Creating Energy While Purifying Water: Meet The Scientist Who Discovered Electric Bacteria
The term "electric bacteria" may bring a lot of images to mind — maybe a post-apocalyptic scenario where electrified bacteria doom our species to extinction. But the reality is more benign and potentially revolutionary.
Before we get into electric bacteria, let's first take a quick refresher science course. All organisms, like humans, use electrons — small negatively charged-particles and one of three subatomic particles that make an atom. Humans get electrons from food, which then exit through the oxygen we breathe. Electrons need to move. If they don't, an organism will die.
Now, back to electric bacteria.
"[Electric bacteria] harvest the energy by harvesting the electrons from whatever they're eating, and instead of using the electron energy, the electric energy to grow faster, they can use it to export the electrons to the outside," says Dr. Ken Nealson. He discovered Shewanella oneidensis, the first identified electric bacteria.
"Bacteria can eat all these kinds of nasty things that we call pollution. And that's what they do for a living, they eat almost any kind of organic material, including human waste water."
This discovery was spurred by a question about the metal content of Oneida Lake in New York, and has since evolved into a new field of research that's changed the concept of biofuel and could alter the future of energy production. Nealson explains that when these bacteria in Oneida Lake exported these electrons to rocks, they would dissolve the minerals, removing these metals from the water. He later learned they could replace the rocks with an electrode — a conductor for electricity.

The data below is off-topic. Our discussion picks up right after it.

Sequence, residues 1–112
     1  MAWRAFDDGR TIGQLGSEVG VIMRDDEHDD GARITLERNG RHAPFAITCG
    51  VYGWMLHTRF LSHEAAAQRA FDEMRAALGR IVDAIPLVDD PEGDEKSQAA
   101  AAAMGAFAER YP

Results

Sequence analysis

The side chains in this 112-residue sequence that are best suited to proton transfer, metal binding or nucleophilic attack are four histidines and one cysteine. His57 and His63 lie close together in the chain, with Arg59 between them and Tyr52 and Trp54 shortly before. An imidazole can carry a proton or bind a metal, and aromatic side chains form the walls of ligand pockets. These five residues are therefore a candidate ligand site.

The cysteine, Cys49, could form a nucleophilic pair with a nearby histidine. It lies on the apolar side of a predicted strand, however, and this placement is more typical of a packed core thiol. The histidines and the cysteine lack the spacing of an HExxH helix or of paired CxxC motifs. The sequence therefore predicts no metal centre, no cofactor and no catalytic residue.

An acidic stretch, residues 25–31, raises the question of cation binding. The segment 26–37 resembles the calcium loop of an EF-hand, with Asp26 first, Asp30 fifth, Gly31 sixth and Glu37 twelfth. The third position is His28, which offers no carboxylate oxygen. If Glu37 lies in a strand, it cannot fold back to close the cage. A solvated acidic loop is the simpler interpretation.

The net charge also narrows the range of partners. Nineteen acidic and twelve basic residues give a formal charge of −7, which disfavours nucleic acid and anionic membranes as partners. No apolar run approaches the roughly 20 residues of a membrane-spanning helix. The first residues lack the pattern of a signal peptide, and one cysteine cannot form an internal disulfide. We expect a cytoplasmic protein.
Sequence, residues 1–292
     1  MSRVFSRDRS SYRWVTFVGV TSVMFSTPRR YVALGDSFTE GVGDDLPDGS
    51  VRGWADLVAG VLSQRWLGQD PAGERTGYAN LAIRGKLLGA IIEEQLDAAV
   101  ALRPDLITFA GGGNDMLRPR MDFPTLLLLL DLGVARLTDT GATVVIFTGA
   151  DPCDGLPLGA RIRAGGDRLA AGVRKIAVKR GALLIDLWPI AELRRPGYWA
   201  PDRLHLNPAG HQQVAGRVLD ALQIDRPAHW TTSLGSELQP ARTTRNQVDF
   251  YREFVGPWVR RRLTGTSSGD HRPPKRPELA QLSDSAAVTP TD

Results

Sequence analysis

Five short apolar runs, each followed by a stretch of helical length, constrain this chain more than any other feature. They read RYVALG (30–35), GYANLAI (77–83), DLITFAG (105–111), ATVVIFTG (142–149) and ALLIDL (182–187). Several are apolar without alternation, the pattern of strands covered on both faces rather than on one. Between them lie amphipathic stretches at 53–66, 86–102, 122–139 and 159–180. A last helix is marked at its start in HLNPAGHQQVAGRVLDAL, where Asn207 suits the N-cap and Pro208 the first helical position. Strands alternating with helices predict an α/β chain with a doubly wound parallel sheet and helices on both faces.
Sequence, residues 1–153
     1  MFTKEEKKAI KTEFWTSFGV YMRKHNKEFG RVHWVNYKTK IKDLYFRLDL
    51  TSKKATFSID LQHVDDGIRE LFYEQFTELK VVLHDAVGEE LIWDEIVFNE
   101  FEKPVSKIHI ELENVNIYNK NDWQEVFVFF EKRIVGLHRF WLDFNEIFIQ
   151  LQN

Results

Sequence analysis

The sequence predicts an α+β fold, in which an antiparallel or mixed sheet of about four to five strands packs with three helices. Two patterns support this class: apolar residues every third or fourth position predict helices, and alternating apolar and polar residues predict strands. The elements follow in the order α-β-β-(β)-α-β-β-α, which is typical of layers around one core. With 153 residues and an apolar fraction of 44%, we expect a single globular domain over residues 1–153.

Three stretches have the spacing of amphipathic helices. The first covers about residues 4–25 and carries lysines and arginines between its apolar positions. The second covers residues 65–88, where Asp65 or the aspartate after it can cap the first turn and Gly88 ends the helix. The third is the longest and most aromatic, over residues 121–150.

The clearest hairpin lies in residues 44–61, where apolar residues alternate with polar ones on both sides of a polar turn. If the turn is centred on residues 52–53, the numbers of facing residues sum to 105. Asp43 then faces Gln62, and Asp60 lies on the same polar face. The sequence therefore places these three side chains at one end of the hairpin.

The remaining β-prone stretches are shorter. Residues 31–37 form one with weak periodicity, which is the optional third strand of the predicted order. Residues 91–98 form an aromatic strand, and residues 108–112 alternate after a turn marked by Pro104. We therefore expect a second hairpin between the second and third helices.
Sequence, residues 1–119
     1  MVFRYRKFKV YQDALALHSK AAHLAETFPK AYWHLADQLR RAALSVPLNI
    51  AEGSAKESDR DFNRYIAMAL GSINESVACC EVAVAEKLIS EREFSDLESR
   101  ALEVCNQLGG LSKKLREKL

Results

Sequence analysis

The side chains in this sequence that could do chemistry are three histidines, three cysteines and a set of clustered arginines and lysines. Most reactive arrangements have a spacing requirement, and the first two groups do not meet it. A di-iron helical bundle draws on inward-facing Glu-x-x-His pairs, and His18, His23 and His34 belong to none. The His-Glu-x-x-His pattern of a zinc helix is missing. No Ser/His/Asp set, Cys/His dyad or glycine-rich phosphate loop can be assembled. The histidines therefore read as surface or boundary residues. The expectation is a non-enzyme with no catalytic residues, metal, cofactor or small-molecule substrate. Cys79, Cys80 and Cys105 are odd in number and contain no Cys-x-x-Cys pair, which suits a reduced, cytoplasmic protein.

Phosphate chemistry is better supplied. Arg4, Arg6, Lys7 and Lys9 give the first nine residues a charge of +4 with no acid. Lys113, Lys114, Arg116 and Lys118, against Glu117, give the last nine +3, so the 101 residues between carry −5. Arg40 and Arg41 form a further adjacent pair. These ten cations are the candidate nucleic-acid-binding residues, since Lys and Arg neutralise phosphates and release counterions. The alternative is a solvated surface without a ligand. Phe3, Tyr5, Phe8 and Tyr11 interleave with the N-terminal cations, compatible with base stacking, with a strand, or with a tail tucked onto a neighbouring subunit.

"The bacteria swim up to that electrode, they eat whatever you give them to eat, and they pass the electrons. Basically, they're using the electrode as an oxygen substitute ... Now, if you just put that in a device, you can feed the bacteria on one side of the fuel cell and all the electrons go to the other side," which will power the device," Nealson explains.
This has resulted in microbial fuel cells which create energy, while simultaneously purifying wastewater. Nealson says that if the right bacteria are identified, they can handle all kinds of waste, including human and animal sewage.
"Bacteria can eat all these kinds of nasty things that we call pollution. And that's what they do for a living, they eat almost any kind of organic material, including human waste water," he explains.
Nealson says the uses for these bacteria seem endless. Some have been able to eat and purify water containing uranium and selenium. Some scientists believe these bacteria may allow us to colonize Mars.
When Nealson first identified Shewanella oneidensis, many scientists didn't think it was possible for these bacteria to exist. Now, he says that has turned out to be a blessing.
"The really great thing that happens when you publish something that’s a little bit controversial, is everyone who doesn’t believe it tries to repeat it and show you’re wrong. And then when they repeat it and show you’re right, they become your colleagues," he says.
Now, there are many researchers working with these bacteria, including one of his former students. Orianna Bretschger's company Aquacycl is creating large-scale microbial fuel cells for industrial, commercial, and agricultural purposes.
Dr. Ken Nealson is in Milwaukee to talk about his discovery of Shewanella oneidensis at the UWM Union on Thursday at 4:30 p.m.